Some semi-random thoughts (ie, I might’ve had too much coffee haha)
-I’ve never really been a fan of the concept of “hormesis,” because you can basically say it of just about anything. Kinda like “vestigial,” because, like, you technically don’t need your legs…
-We’ve seen actual human trials on AGEs, I even wrote a relatively mature blog post about ’em (this isn’t gonna be like that). Tl;dr: they really do some bad things in experimental settings. No, not bad like playing in traffic; bad like inflammation, oxidative stress, etc.
-Some say the ability to cook was a major evolutionary factor. Improved digestibility, nutrient bioavailability, energy extraction, reduced toxins, etc. I don’t know, maybe it was just seafood/DHA. Whatevs, I don’t really buy this line of reasoning anyway. Maybe AGEs are not hormetic and are outright harmful; but cooking was better for our species because we died from other things long before the AGEs got us… or maybe this is a good reason to eat more baked mushrooms (as per Roncero-Ramos et al., 2016) haha.
-I follow the BTD (Blow Torch Diet™)* so seared meat and to a lesser extent plants can’t be unhealthy, right?
Some papers on AGEs:
Hormetic modulation of hepatic insulin sensitivity by advanced glycation end products (Fabre et al., 2017)
AGE: glycosylated albumin. Not the most common dietary AGE (I think), but it wouldn’t surprise me if we had some floating around our bloodstream.
Method of delivery: injection into their stomach cavity. This doesn’t mimic endogenous or dietary AGEs.
In any case, weirdness ensued: they didn’t clamp ’em, but by all other measures insulin sensitivity worsened everywhere (as expected) except in liver (weirdness).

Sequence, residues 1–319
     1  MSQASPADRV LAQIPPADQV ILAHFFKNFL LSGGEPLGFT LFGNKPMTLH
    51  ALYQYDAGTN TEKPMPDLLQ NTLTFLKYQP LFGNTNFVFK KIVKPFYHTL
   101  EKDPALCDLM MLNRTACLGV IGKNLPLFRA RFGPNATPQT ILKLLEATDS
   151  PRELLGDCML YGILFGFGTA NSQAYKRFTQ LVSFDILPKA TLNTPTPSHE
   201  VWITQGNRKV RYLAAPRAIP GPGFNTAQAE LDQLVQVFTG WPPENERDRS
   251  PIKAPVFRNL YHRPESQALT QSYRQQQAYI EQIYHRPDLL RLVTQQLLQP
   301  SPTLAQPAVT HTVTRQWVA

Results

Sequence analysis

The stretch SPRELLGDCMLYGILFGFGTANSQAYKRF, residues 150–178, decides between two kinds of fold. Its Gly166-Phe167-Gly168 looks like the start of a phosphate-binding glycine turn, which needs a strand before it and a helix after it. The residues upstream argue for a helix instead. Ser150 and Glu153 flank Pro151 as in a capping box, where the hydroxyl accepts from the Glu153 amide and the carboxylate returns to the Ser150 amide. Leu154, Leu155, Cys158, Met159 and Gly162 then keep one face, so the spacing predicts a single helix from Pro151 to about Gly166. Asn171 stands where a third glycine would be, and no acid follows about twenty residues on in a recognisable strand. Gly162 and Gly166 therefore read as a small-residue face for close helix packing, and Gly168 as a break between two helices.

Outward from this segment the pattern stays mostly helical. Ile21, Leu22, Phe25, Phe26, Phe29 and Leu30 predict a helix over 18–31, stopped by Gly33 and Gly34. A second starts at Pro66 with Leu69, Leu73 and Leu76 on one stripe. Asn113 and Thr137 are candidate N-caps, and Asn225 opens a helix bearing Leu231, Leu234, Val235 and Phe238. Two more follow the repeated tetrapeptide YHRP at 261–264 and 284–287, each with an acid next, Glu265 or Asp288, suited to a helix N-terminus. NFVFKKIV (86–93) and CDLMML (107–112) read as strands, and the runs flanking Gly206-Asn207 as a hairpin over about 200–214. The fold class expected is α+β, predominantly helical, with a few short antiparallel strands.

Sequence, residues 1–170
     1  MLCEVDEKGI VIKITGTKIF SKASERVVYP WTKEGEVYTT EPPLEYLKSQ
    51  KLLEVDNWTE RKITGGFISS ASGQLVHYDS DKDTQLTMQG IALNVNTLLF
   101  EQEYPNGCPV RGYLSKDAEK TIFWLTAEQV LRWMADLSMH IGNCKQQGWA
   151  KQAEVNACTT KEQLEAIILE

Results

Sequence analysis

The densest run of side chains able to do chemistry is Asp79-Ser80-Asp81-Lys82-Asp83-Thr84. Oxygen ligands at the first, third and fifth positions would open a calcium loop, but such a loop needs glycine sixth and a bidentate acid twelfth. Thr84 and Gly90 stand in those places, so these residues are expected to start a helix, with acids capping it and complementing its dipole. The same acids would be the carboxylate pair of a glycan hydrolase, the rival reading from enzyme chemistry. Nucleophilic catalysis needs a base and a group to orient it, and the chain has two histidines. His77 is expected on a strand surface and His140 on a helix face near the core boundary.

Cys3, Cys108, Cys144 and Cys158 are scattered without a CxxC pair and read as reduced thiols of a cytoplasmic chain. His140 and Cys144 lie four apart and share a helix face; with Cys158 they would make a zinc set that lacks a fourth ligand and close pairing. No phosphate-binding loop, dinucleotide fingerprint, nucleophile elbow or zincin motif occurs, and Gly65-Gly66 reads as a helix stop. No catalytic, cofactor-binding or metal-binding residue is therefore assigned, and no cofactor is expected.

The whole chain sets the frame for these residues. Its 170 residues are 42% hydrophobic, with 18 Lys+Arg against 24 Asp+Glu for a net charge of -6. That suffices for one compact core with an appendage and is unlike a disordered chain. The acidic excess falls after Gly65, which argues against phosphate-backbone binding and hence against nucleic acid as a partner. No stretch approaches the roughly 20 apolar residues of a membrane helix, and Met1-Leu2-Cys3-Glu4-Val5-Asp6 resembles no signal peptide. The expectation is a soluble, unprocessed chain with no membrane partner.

“AlbAGE induced whole-body insulin resistance concomitantly with increased hepatic insulin sensitivity, evidenced by activation of AKT, inactivation of GSK3, increased hepatic glycogen content, and decreased expression of gluconeogenesis genes. Additionally there was reduction in hepatic fat content, in expression of lipogenic, pro-inflamatory and pro-oxidative genes and increase in reactive oxygen species and in nuclear expression of NRF2, a transcription factor essential to cytoprotective response.”
Imma fan of NRF2. Maybe seared Brussels sprouts do it 🙂
Protein glycation – between tissue aging and protection (Simm et al., 2015)
“In summary, this indicates that protein glycation behaves like a double-edged sword. It induces tissue aging and degenerative diseases on the one hand, on the other hand, may also have protective effects, indicating a hormetic response.”
I don’t have the answer, but I feel as though if AGEs are important mediators of human health, there’s gonna be a big difference between the ones we eat (formed via cooking/searing meat) and the endogenous ones (formed via chronic hyperglycemia). Quantitatively, qualitatively, or otherwise.